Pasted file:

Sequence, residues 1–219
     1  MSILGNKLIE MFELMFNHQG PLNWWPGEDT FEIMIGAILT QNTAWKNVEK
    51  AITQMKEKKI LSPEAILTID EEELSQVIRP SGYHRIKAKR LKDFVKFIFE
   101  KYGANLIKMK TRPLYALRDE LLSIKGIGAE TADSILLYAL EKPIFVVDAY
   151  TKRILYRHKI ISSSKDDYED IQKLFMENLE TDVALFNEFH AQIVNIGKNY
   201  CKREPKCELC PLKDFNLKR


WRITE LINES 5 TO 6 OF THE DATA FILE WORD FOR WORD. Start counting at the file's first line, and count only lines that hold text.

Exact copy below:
   151  TKRILYRHKI ISSSKDDYED IQKLFMENLE TDVALFNEFH AQIVNIGKNY
   201  CKREPKCELC PLKDFNLKR